Title page for ETD etd-01252010-220828


Type of Document Dissertation
Author Kuilan, Susie Scifres
URN etd-01252010-220828
Title Early American Self-Reflexive Writing: Revising the Tradition
Degree Doctor of Philosophy (Ph.D.)
Department English
Advisory Committee
Advisor Name Title
Moreland, Richard Committee Chair
Berman, Jacob Committee Member
Coats, Lauren Committee Member
White, Edward Committee Member
Lindenfeld, David Dean's Representative
Keywords
  • Judith Sargent Murray
  • character
  • plot
Date of Defense 2009-12-09
Availability unrestricted
Abstract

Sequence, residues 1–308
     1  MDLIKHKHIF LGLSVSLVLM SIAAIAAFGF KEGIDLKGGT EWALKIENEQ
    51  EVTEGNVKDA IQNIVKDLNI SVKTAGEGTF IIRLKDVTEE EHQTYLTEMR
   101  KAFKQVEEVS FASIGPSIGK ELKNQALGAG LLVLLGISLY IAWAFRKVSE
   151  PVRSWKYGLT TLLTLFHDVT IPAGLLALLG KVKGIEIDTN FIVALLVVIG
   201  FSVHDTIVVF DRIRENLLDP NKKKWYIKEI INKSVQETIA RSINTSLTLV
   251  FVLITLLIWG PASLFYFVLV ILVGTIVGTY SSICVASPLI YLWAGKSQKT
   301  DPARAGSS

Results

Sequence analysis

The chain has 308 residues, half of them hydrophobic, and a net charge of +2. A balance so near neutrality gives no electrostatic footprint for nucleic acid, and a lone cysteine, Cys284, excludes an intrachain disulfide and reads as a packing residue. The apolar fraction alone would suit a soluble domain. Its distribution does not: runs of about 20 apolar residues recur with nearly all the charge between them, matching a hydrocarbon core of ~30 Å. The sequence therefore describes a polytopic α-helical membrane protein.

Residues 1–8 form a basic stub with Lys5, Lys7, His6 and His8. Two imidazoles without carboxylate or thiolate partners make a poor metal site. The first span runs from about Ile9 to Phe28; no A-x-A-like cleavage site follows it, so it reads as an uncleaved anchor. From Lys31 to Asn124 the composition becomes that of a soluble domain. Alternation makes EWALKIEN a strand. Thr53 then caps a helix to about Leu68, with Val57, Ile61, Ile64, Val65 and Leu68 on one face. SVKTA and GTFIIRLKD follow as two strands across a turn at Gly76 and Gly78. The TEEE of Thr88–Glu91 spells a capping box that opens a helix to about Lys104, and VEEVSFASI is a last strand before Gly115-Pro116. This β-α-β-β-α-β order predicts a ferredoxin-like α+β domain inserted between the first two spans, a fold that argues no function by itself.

This study focuses on self- reflexivity in early American texts. This self-reflexivity demonstrates that these early American authors were attempting to define “American fiction” and were participating in a new literary tradition that was developing simultaneously with the development of the new country. After the introduction, Chapter One lays the groundwork for my study by exploring current views of these texts and what led to these views. Chapter Two explores the difficulties facing post-Revolutionary authors and their reactions to these obstacles as reflected in their prefaces and their other writings. I show the way these authors self-consciously respond to the opposition to novels in more nuanced ways and less defensively than is generally acknowledged. In the remaining chapters, I explore the self-reflexivity in the novels themselves. In Chapter Three, I consider three novels by Charles Brockden Brown – Wieland (1798), Arthur Mervyn (1799/1800), and Edgar Huntly (1799) – novels that explore the nature of the American novel in different ways. In Chapter Four, I analyze The Coquette (1797), Charlotte Temple (1794), and Ormond (1799), to show the ways Hannah Foster, Susanna Rowson, and Brockden Brown subvert the sentimental tradition in order to explore characters as a literary element, to embrace a solidarity among readers, and to focus on a theme of language and writing rather than present a didactic moral. Chapter Five analyzes Royall Tyler’s The Algerine Captive (1797), Tabitha Tenney’s The Female Quixotism (1797), and Hugh Henry Brackdenridge’s Modern Chivalry (1815). The authors of these novels use self-reflexivity and humor in order to satirize and mock the state of American literary culture at the time. While each chapter focuses on different works and views them from different angles, they all extend my argument that these early novelists are working self-consciously toward developing a definition of “American fiction” as they are writing. If we reconsider these works in light of their self-reflexive moments then we begin to see that they are much more than harbingers of literature to come but worthy to be considered part of the American literary tradition in their own stead.
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